Visalia had parades and numerous patriotic events during the war and the cadets of Sequoia Field were well represented. Bond drives were especially popular and participation by the military men was encouraged. Their presence helped to elevate a patriotic spirit, and therefore helped sell much needed war bonds. In July 1944, for example, they participated in a parade to boost war bond sales. Thanks to the cadets, and especially the hard work of the large number of volunteer bond salespeople, Visalia met its quota and actually “went over the top.”

The relationship between Sequoia Field and Visalia was mutually beneficial, but August 11, 1944, marked the beginning of the end for the airfield. The military sent a letter announcing that as of October 16, 1944, no more cadets would be coming for training. The letter acknowledged that “the training of thousands of aviation cadets at the Visalia-Dinuba School is a significant accomplishment which is regarded as an outstanding contribution to the war effort.”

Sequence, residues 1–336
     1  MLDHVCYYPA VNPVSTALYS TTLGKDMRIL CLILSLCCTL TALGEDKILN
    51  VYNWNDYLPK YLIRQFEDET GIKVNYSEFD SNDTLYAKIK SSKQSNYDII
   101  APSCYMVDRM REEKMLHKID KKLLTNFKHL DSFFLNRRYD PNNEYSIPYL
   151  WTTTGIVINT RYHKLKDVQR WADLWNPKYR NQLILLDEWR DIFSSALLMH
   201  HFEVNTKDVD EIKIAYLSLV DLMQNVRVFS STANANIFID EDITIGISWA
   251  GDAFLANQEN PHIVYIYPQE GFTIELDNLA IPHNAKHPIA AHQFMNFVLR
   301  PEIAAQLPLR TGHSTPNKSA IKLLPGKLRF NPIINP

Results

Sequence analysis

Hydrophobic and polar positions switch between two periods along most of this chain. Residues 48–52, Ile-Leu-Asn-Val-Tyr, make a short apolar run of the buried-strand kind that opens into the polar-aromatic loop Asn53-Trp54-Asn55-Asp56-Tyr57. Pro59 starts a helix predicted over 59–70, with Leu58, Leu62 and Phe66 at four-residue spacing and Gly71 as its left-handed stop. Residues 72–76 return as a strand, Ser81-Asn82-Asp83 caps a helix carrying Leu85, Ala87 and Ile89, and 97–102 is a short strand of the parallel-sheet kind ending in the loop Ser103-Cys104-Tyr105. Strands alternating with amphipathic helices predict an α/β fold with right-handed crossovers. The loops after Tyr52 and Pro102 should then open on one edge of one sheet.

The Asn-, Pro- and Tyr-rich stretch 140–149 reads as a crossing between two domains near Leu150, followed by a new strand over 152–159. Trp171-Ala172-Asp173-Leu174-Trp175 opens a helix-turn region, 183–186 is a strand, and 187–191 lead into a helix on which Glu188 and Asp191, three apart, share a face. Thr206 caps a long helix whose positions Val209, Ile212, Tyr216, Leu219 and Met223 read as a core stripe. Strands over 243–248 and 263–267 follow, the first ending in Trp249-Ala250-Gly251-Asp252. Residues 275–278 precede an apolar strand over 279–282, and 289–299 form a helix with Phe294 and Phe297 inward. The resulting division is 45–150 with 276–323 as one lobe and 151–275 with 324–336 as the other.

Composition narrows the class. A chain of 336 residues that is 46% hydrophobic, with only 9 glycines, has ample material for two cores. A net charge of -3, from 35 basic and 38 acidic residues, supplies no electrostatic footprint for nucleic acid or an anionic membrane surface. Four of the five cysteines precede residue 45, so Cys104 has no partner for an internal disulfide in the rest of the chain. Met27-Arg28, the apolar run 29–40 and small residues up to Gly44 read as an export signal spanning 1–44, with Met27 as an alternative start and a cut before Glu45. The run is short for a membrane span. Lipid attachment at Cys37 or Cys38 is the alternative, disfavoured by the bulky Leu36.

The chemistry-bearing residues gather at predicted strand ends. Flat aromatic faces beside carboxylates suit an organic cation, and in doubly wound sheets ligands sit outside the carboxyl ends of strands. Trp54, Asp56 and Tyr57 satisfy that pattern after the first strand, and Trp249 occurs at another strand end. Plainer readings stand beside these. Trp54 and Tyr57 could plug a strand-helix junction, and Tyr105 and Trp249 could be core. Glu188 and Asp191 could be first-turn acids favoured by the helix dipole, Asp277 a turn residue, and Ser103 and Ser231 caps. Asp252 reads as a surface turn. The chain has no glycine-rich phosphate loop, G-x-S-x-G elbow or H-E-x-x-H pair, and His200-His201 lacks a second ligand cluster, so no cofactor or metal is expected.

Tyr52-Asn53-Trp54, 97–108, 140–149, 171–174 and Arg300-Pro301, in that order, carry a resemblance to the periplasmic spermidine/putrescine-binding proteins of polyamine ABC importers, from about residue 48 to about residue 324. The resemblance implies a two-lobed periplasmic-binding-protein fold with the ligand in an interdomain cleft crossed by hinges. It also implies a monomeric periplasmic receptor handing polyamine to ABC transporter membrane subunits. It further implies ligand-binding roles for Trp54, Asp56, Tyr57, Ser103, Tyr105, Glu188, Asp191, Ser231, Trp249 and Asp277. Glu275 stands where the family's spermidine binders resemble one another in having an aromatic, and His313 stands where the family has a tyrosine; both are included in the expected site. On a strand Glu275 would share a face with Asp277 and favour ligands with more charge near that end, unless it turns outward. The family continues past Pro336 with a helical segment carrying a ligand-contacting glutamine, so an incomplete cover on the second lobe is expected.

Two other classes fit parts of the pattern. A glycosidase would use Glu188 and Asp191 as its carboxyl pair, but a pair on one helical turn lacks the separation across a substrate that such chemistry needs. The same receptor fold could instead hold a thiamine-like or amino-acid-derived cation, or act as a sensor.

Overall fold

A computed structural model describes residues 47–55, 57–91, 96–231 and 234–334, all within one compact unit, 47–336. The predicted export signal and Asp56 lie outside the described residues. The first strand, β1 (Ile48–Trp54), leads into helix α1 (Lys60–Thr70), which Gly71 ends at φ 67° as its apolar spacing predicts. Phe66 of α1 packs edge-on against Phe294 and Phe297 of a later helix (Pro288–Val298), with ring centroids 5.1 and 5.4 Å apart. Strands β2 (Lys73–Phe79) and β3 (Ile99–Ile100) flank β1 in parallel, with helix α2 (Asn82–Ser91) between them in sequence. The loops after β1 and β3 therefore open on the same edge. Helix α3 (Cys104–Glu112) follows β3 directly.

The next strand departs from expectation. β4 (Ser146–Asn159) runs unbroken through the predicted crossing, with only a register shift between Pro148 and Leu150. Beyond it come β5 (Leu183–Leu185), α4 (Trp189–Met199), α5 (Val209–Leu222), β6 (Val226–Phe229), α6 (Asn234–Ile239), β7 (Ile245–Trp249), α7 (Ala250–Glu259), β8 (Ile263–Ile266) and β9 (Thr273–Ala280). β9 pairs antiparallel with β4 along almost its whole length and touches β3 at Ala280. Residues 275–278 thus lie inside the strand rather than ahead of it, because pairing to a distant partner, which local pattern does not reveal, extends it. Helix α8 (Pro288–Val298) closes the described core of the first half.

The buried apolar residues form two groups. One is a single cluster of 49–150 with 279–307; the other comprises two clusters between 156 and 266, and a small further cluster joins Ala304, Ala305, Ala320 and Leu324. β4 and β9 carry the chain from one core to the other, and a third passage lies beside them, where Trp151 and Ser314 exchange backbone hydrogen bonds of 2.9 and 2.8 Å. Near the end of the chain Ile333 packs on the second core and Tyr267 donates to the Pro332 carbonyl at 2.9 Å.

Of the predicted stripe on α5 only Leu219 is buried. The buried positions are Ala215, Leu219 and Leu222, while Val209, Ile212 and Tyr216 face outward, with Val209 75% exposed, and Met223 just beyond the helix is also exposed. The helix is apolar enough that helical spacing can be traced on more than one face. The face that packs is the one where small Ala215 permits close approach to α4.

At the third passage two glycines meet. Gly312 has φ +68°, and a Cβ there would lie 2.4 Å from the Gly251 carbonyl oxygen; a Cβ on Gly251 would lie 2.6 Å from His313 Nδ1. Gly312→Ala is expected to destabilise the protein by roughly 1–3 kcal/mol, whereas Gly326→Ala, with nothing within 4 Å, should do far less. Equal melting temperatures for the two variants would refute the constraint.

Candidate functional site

For three years the base served as a primary flight training facility and graduated 8,000 cadets. Many graduates became accomplished pilots and distinguished themselves in many ways. A significant number also gave their lives. Captain Darrell Lindsey was one of them, and he was posthumously awarded the Medal of Honor for his acts of bravery as a pilot.

Visalia played a significant part in the history of this important training field. Even though cadets spent only nine weeks in training in Tulare County, many of them had fond memories of Visalia. For that, Visalians should be proud.

Sequoia Field as a military training base is obviously gone, but thanks to Bruce Baird, a Sequoia Field graduate, the training field site is on the National Register of Historic Places.